EPAM, a specialist in digital platform engineering that offers digital and product design agency services and consulting, has outlined ways in which video services can be personalised so they provide a clear and perceived value-add to consumers. The company has published a White Paper that lists the strategies and specific applications that can help a media owner stand out from the crowd.
One tip is to spend more time thinking about existing consumer habits, like which app someone looks at when they first wake up and what they watch over morning coffee or when using public transport. “These micro moments are key battlegrounds in the war for being top-of-mind, and they present excellent opportunities to deliver personalised interactions,” the company suggests.
Content libraries must be structured in a way that makes them actionable, so users are exposed to the most relevant and timely content. This requires various practical steps like creating a unique profile for each user, enhancing the quality of metadata associated with each asset in the catalogue, and building the right logic to connect the profile and metadata in a meaningful way.
Device and physical context should be considered when presenting content. Is your viewer at home or on the move? How much time do they have to watch right now: do they need something quick and easily digestible or do they have time for a movie? Who do they usually watch with, and if with someone else can the preferences of the two individuals be cross-referenced? Can a social theme be identified, like date night?
The White Paper advises that video service providers should focus on making content findable, whether that means ensuring that their system can generate timestamps for a goal in football or provide more sub-categories for content genres (like ‘critically acclaimed independent dramas’ rather than just ‘drama’ or ‘independent drama’) even if these are hidden from viewers.
The paper recommends that to ensure trust in how you use data, media companies must prioritise transparency and demonstrate data-driven value early and often. “This requires CX and marketing teams to coordinate more closely with data science teams on a communications strategy, building an evolving dialogue with individual customers that demonstrates that you’ve taken their feedback with every previous interaction and made changes accordingly,” the paper says.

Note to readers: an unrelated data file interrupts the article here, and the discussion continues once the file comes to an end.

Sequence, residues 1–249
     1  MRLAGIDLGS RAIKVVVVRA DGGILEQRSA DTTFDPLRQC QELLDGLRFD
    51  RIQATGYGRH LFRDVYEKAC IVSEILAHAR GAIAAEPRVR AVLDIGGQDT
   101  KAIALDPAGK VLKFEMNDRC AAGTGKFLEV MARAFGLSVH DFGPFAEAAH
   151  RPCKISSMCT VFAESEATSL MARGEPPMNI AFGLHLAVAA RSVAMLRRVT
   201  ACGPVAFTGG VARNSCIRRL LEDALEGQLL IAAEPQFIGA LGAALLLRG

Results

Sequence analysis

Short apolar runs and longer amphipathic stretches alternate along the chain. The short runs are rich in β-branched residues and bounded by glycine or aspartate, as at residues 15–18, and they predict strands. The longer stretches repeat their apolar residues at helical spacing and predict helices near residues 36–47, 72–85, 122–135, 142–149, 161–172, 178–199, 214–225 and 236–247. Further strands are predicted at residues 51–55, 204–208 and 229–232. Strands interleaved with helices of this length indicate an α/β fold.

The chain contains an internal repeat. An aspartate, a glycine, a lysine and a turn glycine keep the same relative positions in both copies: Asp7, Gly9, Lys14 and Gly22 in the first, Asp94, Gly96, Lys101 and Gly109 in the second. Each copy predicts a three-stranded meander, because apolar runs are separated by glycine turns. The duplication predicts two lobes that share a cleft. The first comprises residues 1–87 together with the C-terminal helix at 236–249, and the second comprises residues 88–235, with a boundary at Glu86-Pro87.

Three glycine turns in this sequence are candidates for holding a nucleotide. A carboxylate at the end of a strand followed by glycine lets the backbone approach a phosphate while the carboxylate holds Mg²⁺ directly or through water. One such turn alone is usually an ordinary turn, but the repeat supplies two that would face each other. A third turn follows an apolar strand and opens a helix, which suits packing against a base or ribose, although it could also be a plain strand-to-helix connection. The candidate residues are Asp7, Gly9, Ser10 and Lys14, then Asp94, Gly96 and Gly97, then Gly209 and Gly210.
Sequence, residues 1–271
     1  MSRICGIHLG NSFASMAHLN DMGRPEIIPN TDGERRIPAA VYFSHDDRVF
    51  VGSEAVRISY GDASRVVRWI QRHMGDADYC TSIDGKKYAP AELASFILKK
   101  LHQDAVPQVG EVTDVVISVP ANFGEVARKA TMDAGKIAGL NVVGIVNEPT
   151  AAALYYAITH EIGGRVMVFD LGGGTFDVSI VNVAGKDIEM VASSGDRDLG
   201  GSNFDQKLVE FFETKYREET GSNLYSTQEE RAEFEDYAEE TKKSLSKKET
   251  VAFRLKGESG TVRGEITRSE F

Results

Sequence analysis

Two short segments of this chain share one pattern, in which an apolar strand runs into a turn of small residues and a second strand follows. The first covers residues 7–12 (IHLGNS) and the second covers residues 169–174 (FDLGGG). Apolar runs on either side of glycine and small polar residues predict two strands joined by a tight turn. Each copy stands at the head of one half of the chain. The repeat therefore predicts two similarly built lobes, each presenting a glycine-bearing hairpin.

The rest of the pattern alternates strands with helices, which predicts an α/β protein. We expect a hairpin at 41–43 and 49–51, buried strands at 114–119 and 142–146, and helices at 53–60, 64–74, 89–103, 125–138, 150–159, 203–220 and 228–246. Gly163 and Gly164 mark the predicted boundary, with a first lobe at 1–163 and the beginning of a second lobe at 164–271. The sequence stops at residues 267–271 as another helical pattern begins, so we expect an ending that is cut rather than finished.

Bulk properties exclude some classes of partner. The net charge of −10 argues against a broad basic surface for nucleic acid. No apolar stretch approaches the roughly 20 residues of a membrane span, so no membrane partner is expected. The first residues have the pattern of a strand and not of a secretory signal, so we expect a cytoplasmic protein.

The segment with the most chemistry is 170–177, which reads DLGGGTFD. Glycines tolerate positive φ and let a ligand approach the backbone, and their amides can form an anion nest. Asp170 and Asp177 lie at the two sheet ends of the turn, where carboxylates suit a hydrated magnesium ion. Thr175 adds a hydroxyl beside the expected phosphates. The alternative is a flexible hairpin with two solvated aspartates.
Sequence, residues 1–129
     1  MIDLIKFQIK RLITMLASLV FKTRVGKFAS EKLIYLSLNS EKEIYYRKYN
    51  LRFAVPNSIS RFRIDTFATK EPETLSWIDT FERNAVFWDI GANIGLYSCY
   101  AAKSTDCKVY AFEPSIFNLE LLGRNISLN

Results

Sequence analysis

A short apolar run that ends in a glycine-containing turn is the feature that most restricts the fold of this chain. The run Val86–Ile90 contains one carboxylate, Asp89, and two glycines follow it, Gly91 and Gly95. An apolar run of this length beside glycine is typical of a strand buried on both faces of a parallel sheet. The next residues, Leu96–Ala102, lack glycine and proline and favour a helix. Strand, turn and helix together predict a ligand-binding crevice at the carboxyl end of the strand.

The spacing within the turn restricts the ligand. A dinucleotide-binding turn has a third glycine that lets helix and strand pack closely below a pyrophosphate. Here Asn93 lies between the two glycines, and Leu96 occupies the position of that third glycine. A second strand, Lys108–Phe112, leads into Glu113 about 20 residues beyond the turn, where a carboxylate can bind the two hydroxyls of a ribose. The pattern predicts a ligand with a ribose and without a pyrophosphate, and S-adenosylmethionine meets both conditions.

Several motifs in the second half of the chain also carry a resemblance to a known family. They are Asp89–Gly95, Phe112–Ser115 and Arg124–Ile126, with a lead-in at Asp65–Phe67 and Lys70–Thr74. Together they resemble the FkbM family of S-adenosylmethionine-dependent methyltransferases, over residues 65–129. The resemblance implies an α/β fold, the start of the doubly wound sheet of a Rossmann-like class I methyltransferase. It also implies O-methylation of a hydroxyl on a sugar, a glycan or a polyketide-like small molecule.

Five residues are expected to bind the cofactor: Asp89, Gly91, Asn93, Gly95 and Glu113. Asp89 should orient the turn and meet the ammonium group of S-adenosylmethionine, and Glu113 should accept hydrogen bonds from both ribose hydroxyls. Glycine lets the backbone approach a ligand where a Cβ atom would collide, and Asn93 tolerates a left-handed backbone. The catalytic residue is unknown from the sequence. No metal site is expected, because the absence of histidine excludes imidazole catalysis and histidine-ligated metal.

The authors address the conundrum of personalising experiences at an individual level while all of us remain social beings who want to connect and share experiences. The solution is building virtual social relationships around content, including fan communities where people can generate their own buzz around a series and provide what become organic, human recommendation sources.
‘Social proofing’ feeds our desire to feel ‘in the know’ about popular content, something that drives decisions over what to watch next. Social proofing mechanisms need to be built into the platform, the white paper notes.
EPAM also lists ways in which media owners can increase engagement while opening new revenue streams through value-added personalisation. “Presenting users with filming locations for a movie or series, and even integrating Airbnb options in the location, increases engagement with the film or series, while going one step deeper within the travel purchase funnel,” the authors suggest, pointing to how Game of Thrones generated interest in places like Northern Ireland.
You could dynamically generate the soundtrack to a programme as a playlist in Spotify for the user, or make it possible to add an actor’s wardrobe to someone’s online shopping basket. “You could watch a healthy cooking show, add the ingredients to a shopping cart for a grocery delivery service and then receive the recipe instructions via text on your mobile device,” EPAM offers as another example.
The paper also considers KPIs that go beyond traditional measures like churn or overall engagement time per user, drawing on practices at companies like Netflix. For instance, you can figure out your share of viewing time with a user and then cross-reference that against the shows they watch. If there are big users who only watch a single series, this indicates that the show is of high value to the service.
“Measuring time-to-player (how long it takes a user to start watching something) can offer valuable insight into the effectiveness of algorithms or the messaging around content,” the authors state, pointing to another advanced KPI.
EPAM argues that media and entertainment companies have it within their grasp to truly ‘get to know’ their customers and create a digital experience that meets their needs, negates their pain points and creates a more human touch to the digital world. This White Paper aims to explain how. You can download it by completing the form below.